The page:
09 February 2012

The Wizard Will See You Now

Last August I joined Rachael Harrie's Third Platform-Building Campaign and met some great people. As a blog addict, being exposed to so many sites was like being joyfully let out of rehab. I followed, I RSS-ed, I stalked, I cheered, I invested emotionally. I also tried to start "bangarang" as a group cheer but that attempt floundered like Spielberg's enthusiasm for Hook 2 so we're gonna need something else. Or we can just golf clap or something.

Rachael is currently throwing together a mini-Campaign, running from February through mid-March, and I'm totally in again. You should join too so we can be friends and hang out virtually. Or just lurk literally. Whichever one you want. Check out the Fourth Writers' Platform-Building Campaign information and then sign up and visit other campaigners!

Some bloggers I want to share with you (from last year's campaign):
Angela Brown | Cynthia Lee | David Powers King | Eliza | Jennifer Pickrell | Lena Corazon | Medeia Sharif | Ozlem Yikici | Susan Kaye Quinn | Shelley Koon | Trisha | Yvie Gonya

And of course, the incomparable Sophia Chang. Please don't overlook her personal campaign against word verification. It's a cause that will help us all.

I just wrapped up How a Book is Born: The Making of The Art of Fielding, expanded from an article Keith Gessen did for Vanity Fair. It's a quick read and shows a behind the scenes account of how his friend's book, The Art of Fielding, came to life. This isn't a detailed look into the publishing industry and at 17,000+ words and about sixty pages, it's not meant to be. There are a lot of interesting points and takeaway facts though.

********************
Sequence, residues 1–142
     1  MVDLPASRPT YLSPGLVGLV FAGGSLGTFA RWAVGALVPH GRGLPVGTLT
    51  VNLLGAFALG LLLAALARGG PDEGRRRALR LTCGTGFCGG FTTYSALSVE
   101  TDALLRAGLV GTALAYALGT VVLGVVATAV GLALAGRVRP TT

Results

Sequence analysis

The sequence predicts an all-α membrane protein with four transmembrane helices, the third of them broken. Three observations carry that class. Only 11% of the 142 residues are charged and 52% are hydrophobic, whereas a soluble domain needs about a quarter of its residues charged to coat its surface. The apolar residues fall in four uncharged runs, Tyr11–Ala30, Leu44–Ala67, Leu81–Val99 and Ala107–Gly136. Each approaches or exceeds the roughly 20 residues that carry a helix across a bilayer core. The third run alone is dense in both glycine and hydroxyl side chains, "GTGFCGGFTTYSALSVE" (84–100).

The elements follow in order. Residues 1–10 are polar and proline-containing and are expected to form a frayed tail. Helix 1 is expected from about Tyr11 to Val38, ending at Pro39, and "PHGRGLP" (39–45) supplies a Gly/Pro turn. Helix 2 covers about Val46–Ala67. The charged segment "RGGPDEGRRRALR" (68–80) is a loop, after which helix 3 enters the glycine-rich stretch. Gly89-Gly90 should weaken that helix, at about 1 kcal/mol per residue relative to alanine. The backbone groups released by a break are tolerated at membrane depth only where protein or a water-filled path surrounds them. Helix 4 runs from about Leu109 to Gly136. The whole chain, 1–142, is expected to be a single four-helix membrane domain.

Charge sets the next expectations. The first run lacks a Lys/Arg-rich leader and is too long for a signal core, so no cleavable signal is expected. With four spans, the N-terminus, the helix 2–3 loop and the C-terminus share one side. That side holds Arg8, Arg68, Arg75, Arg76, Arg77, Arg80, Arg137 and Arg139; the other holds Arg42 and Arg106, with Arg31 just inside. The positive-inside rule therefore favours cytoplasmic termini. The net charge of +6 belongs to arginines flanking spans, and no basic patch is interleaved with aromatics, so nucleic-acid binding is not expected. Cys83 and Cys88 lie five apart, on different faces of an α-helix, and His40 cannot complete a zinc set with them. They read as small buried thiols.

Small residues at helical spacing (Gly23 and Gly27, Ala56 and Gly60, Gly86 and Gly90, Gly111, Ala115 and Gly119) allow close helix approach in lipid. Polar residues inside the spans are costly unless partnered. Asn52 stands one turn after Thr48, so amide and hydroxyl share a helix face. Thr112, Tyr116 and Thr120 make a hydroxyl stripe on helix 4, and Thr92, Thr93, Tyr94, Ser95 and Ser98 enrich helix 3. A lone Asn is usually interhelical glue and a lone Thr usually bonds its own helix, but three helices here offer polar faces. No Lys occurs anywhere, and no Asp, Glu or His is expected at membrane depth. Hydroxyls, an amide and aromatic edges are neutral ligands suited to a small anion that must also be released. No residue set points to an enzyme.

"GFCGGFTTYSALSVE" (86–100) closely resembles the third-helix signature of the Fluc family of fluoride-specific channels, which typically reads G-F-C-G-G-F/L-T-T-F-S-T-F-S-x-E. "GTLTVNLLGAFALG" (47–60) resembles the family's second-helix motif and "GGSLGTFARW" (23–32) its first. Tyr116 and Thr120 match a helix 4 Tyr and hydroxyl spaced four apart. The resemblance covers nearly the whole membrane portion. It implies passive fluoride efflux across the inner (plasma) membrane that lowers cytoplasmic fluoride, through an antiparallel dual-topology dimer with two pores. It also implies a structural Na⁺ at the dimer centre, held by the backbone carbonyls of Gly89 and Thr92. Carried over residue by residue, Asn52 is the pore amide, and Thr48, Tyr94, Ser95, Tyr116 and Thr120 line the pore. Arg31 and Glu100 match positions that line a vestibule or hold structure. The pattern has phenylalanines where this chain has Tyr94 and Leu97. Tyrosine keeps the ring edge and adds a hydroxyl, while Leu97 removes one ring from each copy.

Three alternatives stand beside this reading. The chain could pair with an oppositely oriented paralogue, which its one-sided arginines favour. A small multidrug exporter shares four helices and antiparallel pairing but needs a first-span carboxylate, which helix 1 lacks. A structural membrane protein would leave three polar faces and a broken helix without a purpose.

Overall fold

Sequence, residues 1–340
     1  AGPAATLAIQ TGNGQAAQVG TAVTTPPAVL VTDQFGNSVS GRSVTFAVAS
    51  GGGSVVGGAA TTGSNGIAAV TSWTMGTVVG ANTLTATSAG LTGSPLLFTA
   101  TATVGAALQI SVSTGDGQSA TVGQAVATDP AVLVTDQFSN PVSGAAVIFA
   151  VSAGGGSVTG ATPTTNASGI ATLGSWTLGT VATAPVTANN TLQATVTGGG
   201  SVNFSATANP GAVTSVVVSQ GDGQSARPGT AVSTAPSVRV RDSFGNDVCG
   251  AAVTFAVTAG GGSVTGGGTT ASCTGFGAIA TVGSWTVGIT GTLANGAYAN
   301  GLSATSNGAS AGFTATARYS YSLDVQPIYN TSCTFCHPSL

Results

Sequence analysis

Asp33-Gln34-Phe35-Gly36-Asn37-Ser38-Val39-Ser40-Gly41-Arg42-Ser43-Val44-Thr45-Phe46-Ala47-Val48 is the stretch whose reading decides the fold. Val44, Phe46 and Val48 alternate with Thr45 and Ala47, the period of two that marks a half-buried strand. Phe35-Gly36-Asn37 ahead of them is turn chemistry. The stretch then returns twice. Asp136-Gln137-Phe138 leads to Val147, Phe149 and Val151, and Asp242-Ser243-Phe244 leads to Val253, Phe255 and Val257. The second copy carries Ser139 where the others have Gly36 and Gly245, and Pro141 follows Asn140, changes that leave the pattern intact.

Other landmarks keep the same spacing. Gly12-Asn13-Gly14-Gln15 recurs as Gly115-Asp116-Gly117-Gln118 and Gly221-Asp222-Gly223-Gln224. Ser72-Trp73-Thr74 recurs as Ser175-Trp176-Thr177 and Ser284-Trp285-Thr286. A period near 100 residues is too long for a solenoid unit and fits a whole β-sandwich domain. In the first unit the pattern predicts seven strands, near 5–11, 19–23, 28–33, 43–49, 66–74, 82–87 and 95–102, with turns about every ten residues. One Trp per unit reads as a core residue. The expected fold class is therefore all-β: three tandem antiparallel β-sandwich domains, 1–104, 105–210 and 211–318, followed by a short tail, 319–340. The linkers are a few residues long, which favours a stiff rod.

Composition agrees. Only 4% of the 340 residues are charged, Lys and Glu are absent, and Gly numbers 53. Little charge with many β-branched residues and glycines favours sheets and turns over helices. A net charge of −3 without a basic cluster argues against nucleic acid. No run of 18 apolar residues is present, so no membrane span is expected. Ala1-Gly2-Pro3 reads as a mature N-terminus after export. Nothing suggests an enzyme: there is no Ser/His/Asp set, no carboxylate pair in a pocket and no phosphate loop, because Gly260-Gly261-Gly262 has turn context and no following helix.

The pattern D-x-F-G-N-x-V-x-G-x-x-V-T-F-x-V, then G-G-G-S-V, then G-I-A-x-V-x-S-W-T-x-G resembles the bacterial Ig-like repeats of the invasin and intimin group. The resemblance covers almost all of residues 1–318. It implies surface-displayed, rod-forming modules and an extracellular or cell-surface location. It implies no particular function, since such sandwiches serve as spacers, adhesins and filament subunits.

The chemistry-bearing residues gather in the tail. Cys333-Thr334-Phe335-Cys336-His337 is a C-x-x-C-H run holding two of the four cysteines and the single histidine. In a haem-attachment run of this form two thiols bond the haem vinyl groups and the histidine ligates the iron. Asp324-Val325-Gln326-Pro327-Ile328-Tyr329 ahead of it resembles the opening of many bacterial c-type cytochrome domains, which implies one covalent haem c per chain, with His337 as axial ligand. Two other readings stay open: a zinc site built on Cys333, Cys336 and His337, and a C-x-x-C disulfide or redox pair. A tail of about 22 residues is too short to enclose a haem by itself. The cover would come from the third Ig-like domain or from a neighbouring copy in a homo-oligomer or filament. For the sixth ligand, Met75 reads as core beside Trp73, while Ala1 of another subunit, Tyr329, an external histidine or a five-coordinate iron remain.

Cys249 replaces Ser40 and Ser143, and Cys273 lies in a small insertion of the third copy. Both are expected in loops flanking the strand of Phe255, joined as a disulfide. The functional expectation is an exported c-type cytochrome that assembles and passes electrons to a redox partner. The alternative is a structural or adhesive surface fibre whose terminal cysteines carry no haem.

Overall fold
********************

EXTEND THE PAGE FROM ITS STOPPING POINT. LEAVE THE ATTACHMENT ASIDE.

Here's how much publishers will pony up for a coveted Barnes & Noble stand-alone table near the front: a high of $35,000 a week. Here's how many galleys for advance marketing distribution is considered a lot: 5,000 copies. A column ad in the Times Book Review can set you back $20,000. Little, Brown and Company's catalogue was seventy or so titles for fall-winter 2011. Hachette's sales force is about fifty people strong. Publishing industry consultant Mike Shatzkin has an interesting blog -- mostly about the rise of digital and e-publishing -- worth checking out.

The craziest tidbit that stuck out to me was how there's only one buyer of literary fiction for all of Barnes & Noble's 700-plus stores. Yes, one ring to rule them all! A single person's tastes dictating what gets picked up and promoted for thousands of readers. Think about that. Conceivably there's also just one person responsible for selecting young adult novels for B&N also. Or maybe there's three? Who knows. The point is that I was surprised at how few decision makers there are.

Now I've read a few books about the industry before but I've always been very aware that the book I'm reading is somewhat dated. For example, Jason Epstein's Book Business: Publishing Past, Present, and Future came out in 2002 and when I read it recently, the information was outdated -- which is no knock against the book, it was just more a time capsule. What I liked about How a Book is Born: The Making of The Art of Fielding was that it was just a few months old. The eBook came out in September 2011 and its insight into the industry was very current.

But why pay $1.99 for essentially just one long form article? Well, it was cheaper than buying the actual magazine itself. Plus, efficiently downloading the eBook onto my Kindle satisfied my instant gratification and if this is going to be the future, why not try it out?